I should like to make a few suggestions. Unemployment in the construction industry has now reached a level that is out of all proportion to the realities of the situation. Unemployment in that industry is now running at about 250,000 and unless the Government help the construction industry in some way, the reduction in apprenticeships—that matter has already been mentioned—and continuing unemployment in the industry will result in the break-up of construction teams as well as having appalling effects on the housing programme. Matters will reach a stage at which irreparable damage will have been done.

What are the Government doing to help the construction industry in the North-East and elsewhere? Absolutely nothing. The whole economic strategy of the Chancellor of the Exchequer is unsound, and until the Government, and particularly the Chancellor, understand the need to alter their economic strategy the underlying problem of long-term unemployment, both adult and youth, will not be effectively cured.

What has the Chancellor done about it? Just before Christmas he abolished the regional employment premium at a stroke and by a peremptory announcement to the House, in order to save about £160 million in public expenditure in the next financial year. It is a sensible argument to say that the premium is not the best device for helping to relieve unemployment in the regions and that this could be better done in other ways. However, it was unforgiveable and it illustrates the incompetence of certain aspects of the Government's policy and administration that it should have been abolished in the way that it was.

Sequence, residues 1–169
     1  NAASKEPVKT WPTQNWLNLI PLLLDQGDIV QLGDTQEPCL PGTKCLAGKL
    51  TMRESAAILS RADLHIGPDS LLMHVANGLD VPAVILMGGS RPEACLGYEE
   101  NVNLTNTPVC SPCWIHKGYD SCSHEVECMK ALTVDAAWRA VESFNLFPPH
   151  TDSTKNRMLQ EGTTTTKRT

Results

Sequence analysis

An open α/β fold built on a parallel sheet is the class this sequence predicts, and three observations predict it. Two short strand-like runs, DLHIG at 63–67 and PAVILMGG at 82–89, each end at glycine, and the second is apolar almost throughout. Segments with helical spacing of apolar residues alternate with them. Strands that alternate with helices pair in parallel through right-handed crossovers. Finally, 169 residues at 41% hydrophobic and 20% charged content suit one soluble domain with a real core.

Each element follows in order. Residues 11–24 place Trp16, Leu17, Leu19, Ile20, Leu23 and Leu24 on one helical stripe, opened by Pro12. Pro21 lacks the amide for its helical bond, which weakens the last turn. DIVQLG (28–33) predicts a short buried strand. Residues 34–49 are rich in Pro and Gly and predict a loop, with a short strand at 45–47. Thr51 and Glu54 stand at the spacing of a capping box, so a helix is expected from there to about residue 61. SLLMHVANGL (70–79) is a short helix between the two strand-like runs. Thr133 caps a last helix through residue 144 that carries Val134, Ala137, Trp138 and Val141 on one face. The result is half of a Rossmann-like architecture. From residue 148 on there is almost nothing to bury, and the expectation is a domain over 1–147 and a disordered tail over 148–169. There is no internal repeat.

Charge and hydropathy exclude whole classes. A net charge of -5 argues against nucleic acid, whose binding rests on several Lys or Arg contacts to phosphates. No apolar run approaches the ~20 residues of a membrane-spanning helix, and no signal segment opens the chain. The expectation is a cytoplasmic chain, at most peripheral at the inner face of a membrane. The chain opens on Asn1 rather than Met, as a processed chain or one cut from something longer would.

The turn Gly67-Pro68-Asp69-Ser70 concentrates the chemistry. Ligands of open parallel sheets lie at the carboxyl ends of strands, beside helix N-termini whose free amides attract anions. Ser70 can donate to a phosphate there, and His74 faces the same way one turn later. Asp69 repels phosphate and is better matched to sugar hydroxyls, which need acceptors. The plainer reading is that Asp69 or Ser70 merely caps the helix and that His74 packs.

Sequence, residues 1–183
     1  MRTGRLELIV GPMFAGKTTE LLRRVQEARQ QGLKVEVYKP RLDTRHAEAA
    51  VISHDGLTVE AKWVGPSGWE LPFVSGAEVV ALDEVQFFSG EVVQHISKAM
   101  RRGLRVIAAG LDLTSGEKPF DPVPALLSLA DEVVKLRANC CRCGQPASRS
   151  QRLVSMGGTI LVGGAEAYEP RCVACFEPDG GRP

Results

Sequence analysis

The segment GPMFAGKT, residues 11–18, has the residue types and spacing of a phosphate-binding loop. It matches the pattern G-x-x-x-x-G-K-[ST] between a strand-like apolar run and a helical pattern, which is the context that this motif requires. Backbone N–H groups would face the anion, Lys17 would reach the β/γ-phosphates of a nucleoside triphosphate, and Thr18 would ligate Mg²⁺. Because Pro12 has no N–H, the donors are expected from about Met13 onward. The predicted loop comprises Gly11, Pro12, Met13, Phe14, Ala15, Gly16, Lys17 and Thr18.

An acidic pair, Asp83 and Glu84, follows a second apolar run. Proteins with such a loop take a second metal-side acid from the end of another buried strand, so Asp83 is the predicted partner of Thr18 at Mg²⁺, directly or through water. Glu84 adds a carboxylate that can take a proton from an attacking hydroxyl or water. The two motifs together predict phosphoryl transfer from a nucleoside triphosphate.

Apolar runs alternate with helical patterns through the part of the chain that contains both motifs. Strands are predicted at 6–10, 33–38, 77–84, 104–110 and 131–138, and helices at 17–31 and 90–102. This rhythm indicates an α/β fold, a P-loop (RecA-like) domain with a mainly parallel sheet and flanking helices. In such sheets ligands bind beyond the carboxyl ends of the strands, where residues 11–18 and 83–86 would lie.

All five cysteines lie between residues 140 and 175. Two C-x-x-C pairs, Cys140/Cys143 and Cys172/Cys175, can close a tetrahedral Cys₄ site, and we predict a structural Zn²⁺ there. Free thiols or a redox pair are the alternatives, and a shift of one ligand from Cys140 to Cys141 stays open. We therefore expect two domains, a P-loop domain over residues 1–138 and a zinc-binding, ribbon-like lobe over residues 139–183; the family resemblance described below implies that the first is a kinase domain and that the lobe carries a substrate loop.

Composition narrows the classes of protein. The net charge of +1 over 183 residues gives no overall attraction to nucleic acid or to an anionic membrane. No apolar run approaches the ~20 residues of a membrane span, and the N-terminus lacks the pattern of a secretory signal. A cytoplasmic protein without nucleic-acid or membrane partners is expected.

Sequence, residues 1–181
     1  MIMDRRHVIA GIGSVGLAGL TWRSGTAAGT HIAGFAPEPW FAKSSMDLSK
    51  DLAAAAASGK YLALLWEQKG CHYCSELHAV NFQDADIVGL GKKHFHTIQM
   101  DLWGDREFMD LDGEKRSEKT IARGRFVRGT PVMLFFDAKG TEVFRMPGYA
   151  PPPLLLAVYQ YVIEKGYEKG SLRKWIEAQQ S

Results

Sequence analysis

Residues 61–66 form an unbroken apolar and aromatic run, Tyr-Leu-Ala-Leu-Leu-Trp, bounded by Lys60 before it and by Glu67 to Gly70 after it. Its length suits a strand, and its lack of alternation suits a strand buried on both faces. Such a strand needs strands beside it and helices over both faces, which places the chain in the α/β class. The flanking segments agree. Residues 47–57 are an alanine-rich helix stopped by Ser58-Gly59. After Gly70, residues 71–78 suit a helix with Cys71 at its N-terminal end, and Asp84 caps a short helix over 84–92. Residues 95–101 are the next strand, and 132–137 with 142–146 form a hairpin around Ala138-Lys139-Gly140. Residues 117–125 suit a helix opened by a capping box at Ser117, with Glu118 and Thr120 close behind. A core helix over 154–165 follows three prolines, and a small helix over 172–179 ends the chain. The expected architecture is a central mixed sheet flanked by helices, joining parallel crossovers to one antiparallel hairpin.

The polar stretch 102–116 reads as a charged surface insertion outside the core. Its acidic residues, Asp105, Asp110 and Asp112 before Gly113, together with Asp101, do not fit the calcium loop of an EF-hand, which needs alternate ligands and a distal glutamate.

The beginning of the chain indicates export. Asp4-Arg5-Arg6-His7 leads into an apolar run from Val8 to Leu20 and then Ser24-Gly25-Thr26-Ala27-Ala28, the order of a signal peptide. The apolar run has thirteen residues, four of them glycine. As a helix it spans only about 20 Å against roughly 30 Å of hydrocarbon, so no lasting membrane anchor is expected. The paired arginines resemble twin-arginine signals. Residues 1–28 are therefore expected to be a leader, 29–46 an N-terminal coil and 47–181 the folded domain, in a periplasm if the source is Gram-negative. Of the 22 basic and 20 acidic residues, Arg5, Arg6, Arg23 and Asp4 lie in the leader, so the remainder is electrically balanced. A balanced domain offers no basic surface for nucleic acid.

Industrialists and trade union leaders in my constituency have told me that they could not understand the Chancellor's abolition of the premium at such short notice. The Chancellor gave only three weeks' notice. That is what did so much damage. A firm in Bedlington, in my constituency, was doing very well, but the withdrawal of the premium caused the loss of 70 jobs and forced it to cut back its industrial training programme. One begins to despair when the Government, with their avowed intention of dealing with inflation and curing unemployment, take such steps without any consultations with the industries concerned. It has had a terrible practical effect.

I should like to make one or two practical suggestions in addition to urging help for the construction industry. Travel assistance must be given to young people to get to work. In the North-East we have no railway system, and the bus system is expensive, inefficient and unreliable. It is no use talking about mobility of labour among young people in the North-East or anywhere else unless they are given help to get to work.

Apprenticeships have declined dramatically and they will not be revived unless there is a positive incentive for companies to have more apprenticeship schemes. The underlying problem is so serious in the motor vehicle industry that apprenticeships have been reduced substantially.